Second-grade students know a lot about newspapers.

Last week I visited with such a group at the Pleasant Green Elementary school in Magna. The invitation came from my grandson, Brandon, who has a wide range of interests, and I was pleased that newspapers was one of them.The second-graders in his class know what a newspaper is and quite a few ways it can be used.

"It tells you what is happening," one child answered.

"It has the news and what is on TV," said another.

"Sports, it tells about sports."

"The comics."

"There are pictures."

"You find out who has died," answered one student, who I recognized as perhaps the youngest obituary reader we have. Children may be more interested in death than we realize.

To the question, "What do you do with a newspaper?" The popular answer was, "You read it." But when I put on a hat made from a newspaper, the young people came up with a long list of other things to do with a newspaper. Line the bird cage, spank the dog, put it down when you paint, wrap garbage in it, stuff it in a box to keep the dishes from breaking, save it for the Boy Scout paper drive, or put a newspaper in the window when the drapes come down. Oh, and "Make paper airplanes," one student added.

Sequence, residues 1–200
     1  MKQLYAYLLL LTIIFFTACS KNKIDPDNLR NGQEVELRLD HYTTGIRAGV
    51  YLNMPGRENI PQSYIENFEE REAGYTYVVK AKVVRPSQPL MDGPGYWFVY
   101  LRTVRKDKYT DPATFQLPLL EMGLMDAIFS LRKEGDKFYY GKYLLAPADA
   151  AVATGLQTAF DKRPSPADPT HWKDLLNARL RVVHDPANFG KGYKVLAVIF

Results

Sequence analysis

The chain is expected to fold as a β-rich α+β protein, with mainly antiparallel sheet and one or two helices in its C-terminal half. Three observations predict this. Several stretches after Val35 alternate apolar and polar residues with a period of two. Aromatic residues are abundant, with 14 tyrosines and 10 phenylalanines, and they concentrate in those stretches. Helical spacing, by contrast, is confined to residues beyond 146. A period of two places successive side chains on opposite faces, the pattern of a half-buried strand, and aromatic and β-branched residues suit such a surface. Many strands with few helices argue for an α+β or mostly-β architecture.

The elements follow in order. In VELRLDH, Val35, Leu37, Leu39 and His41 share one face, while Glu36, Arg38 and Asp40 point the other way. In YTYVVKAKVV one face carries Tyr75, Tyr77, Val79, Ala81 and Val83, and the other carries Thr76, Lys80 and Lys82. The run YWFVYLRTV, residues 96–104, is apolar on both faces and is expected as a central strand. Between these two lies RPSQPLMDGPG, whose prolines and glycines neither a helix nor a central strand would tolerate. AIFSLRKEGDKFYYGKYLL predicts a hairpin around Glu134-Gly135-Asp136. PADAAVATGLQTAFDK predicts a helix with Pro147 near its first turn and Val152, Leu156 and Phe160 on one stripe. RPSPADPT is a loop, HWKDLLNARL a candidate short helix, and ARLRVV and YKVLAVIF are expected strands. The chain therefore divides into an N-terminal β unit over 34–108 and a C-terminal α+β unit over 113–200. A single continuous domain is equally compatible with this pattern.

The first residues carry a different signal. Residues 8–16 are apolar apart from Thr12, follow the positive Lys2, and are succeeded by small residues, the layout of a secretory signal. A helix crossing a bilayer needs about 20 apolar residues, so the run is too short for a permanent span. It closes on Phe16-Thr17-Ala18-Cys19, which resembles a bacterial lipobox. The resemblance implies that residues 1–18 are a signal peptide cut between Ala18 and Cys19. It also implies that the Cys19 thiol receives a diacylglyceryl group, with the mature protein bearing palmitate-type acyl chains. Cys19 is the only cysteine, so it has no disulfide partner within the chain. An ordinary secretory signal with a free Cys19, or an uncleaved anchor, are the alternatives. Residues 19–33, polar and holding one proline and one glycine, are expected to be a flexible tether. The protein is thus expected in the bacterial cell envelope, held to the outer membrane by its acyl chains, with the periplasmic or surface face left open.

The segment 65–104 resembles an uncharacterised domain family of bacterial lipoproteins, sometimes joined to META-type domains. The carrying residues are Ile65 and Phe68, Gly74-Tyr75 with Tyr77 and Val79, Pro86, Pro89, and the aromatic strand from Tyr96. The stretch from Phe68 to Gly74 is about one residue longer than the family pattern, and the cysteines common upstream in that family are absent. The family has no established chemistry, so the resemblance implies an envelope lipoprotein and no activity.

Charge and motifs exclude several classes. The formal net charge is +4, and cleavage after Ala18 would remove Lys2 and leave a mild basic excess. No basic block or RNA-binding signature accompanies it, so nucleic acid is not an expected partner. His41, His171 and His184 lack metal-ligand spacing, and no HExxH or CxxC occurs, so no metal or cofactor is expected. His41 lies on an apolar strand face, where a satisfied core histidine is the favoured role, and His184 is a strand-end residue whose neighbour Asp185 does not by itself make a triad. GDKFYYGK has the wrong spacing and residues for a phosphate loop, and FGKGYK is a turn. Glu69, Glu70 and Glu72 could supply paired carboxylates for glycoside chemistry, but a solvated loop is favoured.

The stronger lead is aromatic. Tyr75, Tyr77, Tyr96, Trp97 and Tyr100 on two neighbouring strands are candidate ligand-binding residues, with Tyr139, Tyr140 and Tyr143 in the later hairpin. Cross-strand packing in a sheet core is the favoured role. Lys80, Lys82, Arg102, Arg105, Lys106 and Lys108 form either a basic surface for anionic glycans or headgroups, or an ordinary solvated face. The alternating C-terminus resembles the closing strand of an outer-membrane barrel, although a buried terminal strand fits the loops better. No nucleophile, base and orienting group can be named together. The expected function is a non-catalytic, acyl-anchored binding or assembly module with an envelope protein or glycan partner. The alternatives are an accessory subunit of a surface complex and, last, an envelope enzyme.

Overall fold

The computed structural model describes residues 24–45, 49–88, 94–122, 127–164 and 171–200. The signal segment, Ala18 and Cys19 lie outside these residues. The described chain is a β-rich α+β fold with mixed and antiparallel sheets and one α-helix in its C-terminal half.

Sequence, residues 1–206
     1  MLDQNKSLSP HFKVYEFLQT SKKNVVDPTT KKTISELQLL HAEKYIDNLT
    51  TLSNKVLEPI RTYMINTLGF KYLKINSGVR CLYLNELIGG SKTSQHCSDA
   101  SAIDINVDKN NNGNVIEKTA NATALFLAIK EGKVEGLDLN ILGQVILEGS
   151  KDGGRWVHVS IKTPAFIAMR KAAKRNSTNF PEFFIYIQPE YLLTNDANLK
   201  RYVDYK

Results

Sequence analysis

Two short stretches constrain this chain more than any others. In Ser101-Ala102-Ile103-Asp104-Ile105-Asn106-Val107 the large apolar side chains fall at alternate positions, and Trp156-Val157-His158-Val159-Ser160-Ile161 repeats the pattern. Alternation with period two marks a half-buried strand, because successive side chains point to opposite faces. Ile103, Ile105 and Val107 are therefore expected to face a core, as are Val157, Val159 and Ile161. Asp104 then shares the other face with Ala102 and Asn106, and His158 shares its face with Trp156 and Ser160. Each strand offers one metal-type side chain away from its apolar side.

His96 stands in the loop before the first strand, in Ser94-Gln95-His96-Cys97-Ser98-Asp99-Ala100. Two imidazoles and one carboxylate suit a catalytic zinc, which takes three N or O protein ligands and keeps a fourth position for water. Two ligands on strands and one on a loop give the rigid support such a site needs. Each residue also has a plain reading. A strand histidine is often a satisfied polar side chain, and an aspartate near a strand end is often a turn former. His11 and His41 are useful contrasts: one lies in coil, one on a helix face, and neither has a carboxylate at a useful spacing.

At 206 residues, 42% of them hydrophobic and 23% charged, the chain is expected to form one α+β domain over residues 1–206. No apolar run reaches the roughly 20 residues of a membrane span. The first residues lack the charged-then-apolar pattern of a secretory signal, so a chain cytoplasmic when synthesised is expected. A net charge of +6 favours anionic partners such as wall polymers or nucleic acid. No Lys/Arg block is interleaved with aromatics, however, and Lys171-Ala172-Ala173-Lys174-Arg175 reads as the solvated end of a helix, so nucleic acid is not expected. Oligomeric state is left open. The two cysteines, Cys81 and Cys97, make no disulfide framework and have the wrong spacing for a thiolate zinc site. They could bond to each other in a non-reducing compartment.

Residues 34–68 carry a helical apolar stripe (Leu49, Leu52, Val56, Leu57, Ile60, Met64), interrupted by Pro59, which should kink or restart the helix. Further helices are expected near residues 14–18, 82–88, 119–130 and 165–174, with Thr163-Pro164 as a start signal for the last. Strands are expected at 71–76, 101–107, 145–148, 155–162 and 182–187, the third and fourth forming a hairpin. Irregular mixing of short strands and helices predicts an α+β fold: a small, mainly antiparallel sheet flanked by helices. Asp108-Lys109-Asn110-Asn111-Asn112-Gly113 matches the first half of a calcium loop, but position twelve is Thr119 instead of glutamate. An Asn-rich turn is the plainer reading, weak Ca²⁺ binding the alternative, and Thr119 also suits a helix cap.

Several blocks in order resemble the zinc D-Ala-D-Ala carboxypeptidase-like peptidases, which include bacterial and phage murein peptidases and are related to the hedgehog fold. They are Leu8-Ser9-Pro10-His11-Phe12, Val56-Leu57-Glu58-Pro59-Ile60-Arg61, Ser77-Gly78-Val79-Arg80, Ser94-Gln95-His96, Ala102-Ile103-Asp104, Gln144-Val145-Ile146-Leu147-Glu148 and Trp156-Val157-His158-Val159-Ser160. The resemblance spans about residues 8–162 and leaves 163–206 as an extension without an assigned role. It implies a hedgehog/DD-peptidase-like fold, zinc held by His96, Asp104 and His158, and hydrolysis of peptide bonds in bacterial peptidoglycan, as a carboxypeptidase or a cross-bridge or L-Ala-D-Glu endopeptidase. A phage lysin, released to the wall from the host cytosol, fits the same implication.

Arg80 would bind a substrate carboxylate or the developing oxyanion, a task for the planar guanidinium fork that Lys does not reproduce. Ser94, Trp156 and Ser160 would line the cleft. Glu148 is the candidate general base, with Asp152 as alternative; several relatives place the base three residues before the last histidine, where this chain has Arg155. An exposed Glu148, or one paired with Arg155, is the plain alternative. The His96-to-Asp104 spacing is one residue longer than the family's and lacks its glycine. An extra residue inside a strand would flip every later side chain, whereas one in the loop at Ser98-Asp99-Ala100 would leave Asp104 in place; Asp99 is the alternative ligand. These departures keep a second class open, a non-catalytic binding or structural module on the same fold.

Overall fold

I found out that students of all ages use the newspaper in school and in their everyday lives.

Last month this class, along with hundreds of others, participated in "No Books Day," sponsored by the Deseret News and the International Reading Association in Utah. On March 10, the newspaper became the textbook for all the classes. Teachers received teaching aids that covered language arts, social studies, math, science and other subjects. The newspaper became a "living textbook."

More than 38,000 copies of the Deseret News were sent to Utah classrooms for "No Books Day" this year. Students studied, read, clipped, colored and collected information from the newspaper. There were opportunities to study a myriad of school subjects and also receive a slice of recent history. Student interest ran high that day.

A new program called "Family Focus: Reading and Learning Together" is scheduled to begin next fall. Sponsored by the American Newspaper Publishers Association, the International Reading Association, the National Congress of Parents and Teachers and the National Association of Elementary School Principals, the the program is designed to teach parents to teach their children through newspaper reading.

Family Focus puts emphasis on good reading habits, improved skills, and awareness of community and nation. Newspapers are the key to success in the reading program because they are so easily accessible to families and because they are proven to be an effective reading tool for people of all ages and reading levels.

Training manuals and parents' resource guides will be available following the introduction of Family Focus at the annual Newspaper in Education conference at Atlanta, Ga., May 18-20.

Yes, you can wrap garbage in a newspaper, but before you do make sure you reap the harvest of learning and enjoyment available to the whole family in its pages.